A national correspondent for The Week magazine wrote in a Jan. 26 article that the U.S. Constitution is "an outdated, malfunctioning piece of junk — and it's only getting worse."
Correspondent Ryan Cooper says the U.S. should instead become a "parliamentary democracy, by far the most successful and road-tested form of government."
What is his problem with the Constitution?
Part of Cooper's rant about the Constitution says the document's main problem is that it makes "changing anything nearly impossible."
"One of the biggest problems with the Constitution as written is it makes changing anything nearly impossible," he wrote. "Other countries regularly ditch or overhaul their constitutions to deal with new problems — and even America has done so in the distant past. When the first stab at a U.S. Constitution proved totally unworkable, Americans of the day didn't fuss around with stipulations that "the Union shall be perpetual." Instead they threw the whole thing out and started from scratch."
Any abrupt, dramatic change in how the U.S. is governed could cause society to fall into utter chaos, Cooper admitted. But don't worry, Cooper said he has the cure for a document that has been in place for more than two centuries.
"Make no mistake, a constitutional collapse would be a tremendously destabilizing and dangerous event, and raise a significant chance of insurrection, civil war, or a military dictatorship," Cooper wrote. "But if and when it comes, it won't be by choice — it will be because the ancient, janky mechanisms of the American Constitution simply failed."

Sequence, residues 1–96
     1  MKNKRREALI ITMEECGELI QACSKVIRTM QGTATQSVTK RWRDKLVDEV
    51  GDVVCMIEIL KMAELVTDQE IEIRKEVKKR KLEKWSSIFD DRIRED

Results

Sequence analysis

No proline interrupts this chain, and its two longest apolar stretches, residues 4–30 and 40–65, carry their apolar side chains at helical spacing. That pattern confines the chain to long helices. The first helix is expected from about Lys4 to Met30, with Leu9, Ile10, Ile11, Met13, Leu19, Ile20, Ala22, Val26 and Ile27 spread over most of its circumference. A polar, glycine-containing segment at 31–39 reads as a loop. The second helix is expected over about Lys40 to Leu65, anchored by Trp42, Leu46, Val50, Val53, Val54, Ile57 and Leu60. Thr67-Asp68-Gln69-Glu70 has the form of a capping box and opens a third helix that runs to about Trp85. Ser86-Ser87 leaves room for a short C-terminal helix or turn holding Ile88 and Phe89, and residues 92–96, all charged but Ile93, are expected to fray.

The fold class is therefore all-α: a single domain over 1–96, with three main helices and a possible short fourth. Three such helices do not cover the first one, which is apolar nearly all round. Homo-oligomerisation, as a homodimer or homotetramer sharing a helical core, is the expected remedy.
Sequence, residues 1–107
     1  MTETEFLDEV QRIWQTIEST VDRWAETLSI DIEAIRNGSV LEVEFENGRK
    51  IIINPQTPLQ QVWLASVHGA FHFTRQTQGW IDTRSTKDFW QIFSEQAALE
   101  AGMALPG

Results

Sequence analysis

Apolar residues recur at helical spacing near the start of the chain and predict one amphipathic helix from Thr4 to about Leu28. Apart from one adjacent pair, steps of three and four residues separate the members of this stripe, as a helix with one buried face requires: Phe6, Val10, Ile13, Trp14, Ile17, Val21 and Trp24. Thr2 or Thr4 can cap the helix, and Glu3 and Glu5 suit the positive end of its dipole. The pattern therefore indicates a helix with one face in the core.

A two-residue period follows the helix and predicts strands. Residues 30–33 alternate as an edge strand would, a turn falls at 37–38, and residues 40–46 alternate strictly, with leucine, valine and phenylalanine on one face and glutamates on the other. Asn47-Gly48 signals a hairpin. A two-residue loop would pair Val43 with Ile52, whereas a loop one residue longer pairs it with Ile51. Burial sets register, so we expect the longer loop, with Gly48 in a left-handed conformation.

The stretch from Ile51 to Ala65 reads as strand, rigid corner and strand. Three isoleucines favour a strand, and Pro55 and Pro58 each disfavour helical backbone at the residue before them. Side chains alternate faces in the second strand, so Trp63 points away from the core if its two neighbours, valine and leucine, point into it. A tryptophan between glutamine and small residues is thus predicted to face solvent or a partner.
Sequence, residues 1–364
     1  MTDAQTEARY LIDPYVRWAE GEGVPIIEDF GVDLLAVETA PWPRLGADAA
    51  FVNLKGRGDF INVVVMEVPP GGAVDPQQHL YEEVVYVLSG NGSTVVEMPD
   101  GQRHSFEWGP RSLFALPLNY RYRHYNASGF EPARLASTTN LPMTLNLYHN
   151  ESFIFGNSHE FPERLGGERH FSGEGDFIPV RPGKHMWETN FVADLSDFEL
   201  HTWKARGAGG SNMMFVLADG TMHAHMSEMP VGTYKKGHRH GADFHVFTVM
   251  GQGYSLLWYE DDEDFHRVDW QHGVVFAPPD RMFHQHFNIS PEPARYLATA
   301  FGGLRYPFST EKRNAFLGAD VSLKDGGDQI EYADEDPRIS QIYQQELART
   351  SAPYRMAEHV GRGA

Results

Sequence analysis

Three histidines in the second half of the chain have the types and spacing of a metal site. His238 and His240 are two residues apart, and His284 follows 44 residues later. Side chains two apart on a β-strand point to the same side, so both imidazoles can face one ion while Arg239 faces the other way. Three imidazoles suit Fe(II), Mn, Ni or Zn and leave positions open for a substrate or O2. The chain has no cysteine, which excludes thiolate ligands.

Some of his suggestions setting up provisions to elect a president from the House, "neuter" the Senate, radically change how House members are elected, and eliminate the Senate filibuster.
What rights would be eliminated?
Here are some of the Constitution's "janky mechanisms" that Cooper wants to throw in the trash:
- First Amendment: Freedom of press, speech and assembly.
- Second Amendment: The right to keep and bear arms.
- Third Amendment: The Right to refuse quartering soldiers on private property.
- Fourth Amendment: Freedom from illegal search and seizures.
- Fifth Amendment: Rights for people accused of crimes.
- Sixth Amendment: The right to a speedy trial by jury in a district where a crime occurred.
- Seventh Amendment: The right to a jury trial for civil cases.
- Eighth Amendment: Protection from cruel and unusual punishments and excessive bail.
- Ninth Amendment: The idea that "certain rights shall not be construed to deny or disparage others retained by the people."
- Tenth Amendment: Limiting the power of the federal government.